For millions of Americans, having access to speedy Internet is still an impossibility. The FCC has promised it would fix this when it announced the National Broadband Plan in 2010. Since then, there hasn’t been much progress made on the agency’s goal of making sure everybody has access to inexpensive broadband Internet. At a meeting on Friday, the Commission finally showed some signs that it’s starting to get serious.
CNET reports that FCC Chairman Julius Genachowski recently met with a room full of mayors across the U.S. to issue a challenge to them. It’s called the “Gigabit City Challenge” and its goal is to have at least one city in every state outfitted with gigabit Internet by 2015. It’s a bit more ambitious than the original National Broadband Plan that categorized “broadband” as being 100 Mbps.
“American economic history teaches a clear lesson about infrastructure. If we build it, innovation will come,” said Genachowski. “The U.S. needs a critical mass of gigabit communities nationwide so that innovators can develop next-generation applications and services that will drive economic growth and global competitiveness.”
So, what spurred the FCC to finally start taking gigabit Internet expansion seriously? As you can imagine, the increased rate at which gigabit networks are being announced was a major contributor. The gigabit networks in Chattanooga, Kansas City and Seattle are specifically called out as being major innovators in bringing faster Internet to the masses.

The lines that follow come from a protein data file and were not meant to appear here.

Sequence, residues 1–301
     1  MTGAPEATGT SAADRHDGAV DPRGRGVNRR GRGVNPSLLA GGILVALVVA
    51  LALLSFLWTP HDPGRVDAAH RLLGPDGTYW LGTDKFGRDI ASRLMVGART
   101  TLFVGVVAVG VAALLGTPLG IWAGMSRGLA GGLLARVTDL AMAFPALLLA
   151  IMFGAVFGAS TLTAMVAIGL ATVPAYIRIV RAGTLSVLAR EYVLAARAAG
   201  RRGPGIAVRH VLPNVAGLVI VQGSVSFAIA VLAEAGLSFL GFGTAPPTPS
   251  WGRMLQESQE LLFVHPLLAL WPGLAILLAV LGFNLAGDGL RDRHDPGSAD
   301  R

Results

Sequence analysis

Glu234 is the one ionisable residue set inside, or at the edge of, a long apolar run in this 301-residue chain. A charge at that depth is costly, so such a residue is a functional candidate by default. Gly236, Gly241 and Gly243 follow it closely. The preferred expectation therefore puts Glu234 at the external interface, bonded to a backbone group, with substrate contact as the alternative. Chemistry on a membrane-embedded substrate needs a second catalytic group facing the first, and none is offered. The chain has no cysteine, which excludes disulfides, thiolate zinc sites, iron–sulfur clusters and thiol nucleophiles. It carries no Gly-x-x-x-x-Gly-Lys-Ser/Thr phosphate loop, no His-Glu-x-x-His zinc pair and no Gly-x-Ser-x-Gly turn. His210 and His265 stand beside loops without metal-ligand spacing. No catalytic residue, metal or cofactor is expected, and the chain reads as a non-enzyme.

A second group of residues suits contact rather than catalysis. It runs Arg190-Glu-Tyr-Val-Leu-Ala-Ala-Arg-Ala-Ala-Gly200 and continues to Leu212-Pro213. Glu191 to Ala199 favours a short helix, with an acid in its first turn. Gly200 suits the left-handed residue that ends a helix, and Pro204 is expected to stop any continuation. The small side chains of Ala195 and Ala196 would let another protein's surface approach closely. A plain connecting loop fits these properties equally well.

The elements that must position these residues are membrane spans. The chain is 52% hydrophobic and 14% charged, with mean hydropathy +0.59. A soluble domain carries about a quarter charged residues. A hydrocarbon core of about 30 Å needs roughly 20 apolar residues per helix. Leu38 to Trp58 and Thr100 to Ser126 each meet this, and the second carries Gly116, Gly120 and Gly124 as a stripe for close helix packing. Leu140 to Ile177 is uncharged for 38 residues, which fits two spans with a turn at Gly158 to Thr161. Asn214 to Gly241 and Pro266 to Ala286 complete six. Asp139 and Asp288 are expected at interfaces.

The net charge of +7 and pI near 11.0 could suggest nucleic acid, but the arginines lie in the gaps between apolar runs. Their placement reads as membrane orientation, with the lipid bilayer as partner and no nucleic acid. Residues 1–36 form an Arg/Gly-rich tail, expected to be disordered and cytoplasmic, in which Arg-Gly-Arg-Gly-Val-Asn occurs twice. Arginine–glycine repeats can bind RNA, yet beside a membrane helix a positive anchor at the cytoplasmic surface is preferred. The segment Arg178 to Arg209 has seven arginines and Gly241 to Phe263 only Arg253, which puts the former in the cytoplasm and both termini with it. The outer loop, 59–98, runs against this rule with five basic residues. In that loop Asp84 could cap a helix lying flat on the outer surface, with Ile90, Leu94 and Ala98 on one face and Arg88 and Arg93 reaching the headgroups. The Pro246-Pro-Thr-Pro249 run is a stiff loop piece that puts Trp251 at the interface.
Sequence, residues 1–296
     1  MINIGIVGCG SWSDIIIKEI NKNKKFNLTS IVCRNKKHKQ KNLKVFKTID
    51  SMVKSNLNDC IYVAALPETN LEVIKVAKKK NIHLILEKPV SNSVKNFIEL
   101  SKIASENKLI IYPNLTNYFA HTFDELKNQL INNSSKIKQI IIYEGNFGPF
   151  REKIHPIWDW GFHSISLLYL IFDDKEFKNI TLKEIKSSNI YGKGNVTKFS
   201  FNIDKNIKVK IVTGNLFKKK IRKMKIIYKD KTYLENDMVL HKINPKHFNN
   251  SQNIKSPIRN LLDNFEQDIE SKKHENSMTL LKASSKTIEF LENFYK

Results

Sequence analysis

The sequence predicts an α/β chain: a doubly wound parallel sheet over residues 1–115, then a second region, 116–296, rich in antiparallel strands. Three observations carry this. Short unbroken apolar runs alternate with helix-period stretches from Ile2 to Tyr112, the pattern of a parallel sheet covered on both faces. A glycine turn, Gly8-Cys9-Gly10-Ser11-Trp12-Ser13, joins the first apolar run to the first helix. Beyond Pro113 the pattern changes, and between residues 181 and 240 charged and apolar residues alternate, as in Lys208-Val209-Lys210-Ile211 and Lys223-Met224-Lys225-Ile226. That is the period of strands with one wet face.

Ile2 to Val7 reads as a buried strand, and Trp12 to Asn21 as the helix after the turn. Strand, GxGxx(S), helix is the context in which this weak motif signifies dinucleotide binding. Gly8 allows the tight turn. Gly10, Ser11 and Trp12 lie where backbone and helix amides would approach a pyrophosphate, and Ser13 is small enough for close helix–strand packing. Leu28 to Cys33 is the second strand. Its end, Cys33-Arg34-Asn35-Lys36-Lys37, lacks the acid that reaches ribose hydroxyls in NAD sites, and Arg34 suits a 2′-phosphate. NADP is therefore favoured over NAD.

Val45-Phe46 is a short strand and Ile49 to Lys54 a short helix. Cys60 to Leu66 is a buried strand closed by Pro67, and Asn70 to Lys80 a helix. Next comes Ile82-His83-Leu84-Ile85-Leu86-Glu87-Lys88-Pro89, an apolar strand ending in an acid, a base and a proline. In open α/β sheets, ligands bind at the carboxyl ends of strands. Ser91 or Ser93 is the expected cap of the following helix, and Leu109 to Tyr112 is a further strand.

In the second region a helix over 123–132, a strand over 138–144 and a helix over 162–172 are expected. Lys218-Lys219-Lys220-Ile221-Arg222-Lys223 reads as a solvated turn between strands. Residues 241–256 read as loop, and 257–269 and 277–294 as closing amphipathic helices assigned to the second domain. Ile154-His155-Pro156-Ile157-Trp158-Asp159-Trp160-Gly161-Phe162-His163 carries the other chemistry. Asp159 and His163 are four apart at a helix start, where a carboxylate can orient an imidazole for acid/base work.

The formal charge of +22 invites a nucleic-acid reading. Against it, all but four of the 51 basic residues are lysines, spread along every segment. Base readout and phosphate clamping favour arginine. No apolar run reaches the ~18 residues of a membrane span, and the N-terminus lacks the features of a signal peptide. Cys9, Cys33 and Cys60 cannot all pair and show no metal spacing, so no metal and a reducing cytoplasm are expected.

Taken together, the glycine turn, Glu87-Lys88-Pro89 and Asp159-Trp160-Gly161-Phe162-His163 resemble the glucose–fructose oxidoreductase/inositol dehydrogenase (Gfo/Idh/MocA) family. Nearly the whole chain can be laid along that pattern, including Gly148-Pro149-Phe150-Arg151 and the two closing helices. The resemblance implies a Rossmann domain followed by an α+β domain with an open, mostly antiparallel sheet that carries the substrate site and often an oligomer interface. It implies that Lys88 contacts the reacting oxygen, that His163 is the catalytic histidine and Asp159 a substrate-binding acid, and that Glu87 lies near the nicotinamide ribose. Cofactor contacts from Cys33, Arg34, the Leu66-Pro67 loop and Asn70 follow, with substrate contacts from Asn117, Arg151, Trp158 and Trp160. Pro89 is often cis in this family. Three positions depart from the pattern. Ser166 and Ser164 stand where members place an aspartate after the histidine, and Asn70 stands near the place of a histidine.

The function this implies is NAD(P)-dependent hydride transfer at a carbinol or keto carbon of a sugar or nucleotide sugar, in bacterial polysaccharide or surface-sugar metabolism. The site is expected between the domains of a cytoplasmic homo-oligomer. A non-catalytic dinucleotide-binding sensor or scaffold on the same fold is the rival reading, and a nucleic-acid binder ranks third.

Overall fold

Any of the aforementioned cities will tell you, however, that installing gigabit networks takes a lot of time, and more importantly, a lot of money. How is the FCC going to overcome the hurdle of established ISPs refusing to put forth the cash to renovate and expand their current networks? The Commission says it will establish “a new online clearinghouse of best practices to collect and disseminate information about how to lower the costs and increase the speed of broadband deployment nationwide.”
To compliment the new clearinghouse, the Commission will also “hold workshops on gigabit communities:”
The workshops will convene leaders from the gigabit community ecosystem—including broadband providers, and state and municipal leaders— to evaluate barriers, increase incentives, and lower the costs of speeding gigabit network deployment. Together, the workshops will inform the Commission’s clearinghouse of ways industry, and local and state leaders can meet the challenge to establish gigabit communities nationwide.
The FCC has honorable intentions with its latest “challenge,” but we’ll have to see if it can spur the change needed to bring gigabit broadband to every state in the U.S. ISPs have traditionally avoided these kind of major investments instead relying on slow Internet and abusive data caps to make a quick buck. Getting local government on board is a good first step, but now it has to find some common ground with an industry that doesn’t care much for the Commission or its regulations.